Decorated rocks inspire and uplift
Sometimes all it takes to help bring a smile to someone’s face is an inspiring message or a colourful image. Through painted rocks hidden in public places, that’s just what the Aroche-moi un sourire (show me a smile) movement is trying to spark. Originating five years ago in Granby, the movement combines craftiness and creativity as plain pebbles, rocks, or stones are transformed with images or inspiring messages and left for others to find.
Conveying the same sentiment as the ça va bien aller signs and rainbows that spread across the province during the beginning of the pandemic, each unique rock carries a message designed to bring hope and happiness.
The concept is simple: paint rocks and place them where others might find them. That can be along forest paths, sidewalks, in parks, or propped up against municipal mailboxes. The person who discovers a painted rock is invited to take a picture of it and share it with the public aROCHEmoiunSOURIRE Facebook group using the hashtag #arochemoiunsourire. Then, they can leave their find for the next passerby, or take it and paint a new one to leave in its place. By snapping a photo and sharing it online, the creator of the art piece can see that their gift has been found and watch if it travels to a new location.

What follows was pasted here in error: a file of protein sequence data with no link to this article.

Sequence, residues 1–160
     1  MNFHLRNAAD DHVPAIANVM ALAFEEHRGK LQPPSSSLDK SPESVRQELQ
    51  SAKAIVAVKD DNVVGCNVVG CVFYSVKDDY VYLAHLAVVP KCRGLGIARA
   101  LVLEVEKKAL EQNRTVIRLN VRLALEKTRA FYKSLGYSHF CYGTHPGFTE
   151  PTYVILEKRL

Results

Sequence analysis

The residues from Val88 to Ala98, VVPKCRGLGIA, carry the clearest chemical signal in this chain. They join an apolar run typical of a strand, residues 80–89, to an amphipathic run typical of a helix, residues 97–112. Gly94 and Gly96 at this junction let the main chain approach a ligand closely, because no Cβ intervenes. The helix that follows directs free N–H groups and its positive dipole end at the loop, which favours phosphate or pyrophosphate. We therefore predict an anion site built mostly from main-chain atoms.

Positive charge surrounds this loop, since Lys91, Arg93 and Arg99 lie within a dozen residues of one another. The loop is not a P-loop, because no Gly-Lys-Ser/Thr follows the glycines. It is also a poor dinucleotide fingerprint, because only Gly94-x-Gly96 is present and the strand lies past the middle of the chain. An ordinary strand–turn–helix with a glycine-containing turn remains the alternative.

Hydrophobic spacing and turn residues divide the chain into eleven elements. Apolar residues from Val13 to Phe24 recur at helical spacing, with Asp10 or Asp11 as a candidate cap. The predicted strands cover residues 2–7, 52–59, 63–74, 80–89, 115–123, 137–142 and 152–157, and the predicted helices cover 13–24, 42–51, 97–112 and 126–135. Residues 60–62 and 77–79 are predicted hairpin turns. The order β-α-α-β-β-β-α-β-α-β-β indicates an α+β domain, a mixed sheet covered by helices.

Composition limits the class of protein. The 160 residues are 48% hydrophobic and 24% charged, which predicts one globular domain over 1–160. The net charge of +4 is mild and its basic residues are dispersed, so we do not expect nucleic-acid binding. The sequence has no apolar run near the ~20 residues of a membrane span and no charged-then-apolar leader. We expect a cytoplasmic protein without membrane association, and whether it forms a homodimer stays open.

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The Quebec-based Facebook group for the movement was created in 2018 and now counts over 100,000 members — including almost 3,000 who joined during just one week in September.
Some of the photos shared on the Facebook group include interactive designs that invite the finder to contribute to a rock-based group project, while others are intricate illustrations of figures from popular culture, holiday-themed, and beautifully painted nature scenes. You can also find tutorials and tips on how to create your own rocks including using napkins and mod podge for a whole new kind of design. In the “files” tab there are directions and a bilingual PDF of printable labels that you can paste to the back of your rocks so that finders know their meaning.
An activity for everyone
Stories on the Facebook group include a woman who found a rock painted with the word “courage” as she was heading to a hospital oncology appointment, and a nervous kindergartener whose find helped give her a boost of encouragement as she headed off to school.
Daycare groups, school classes, and Scout troops are some of the artists behind the one-of-a-kind creations. Decorating and stashing your own set of rocks is a fun way to liven up a neighbourhood family walk, and a neat way to get the kids involved in a craft project that may travel the province.
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And it’s fun to imagine where your rock will end up and who it may inspire or help.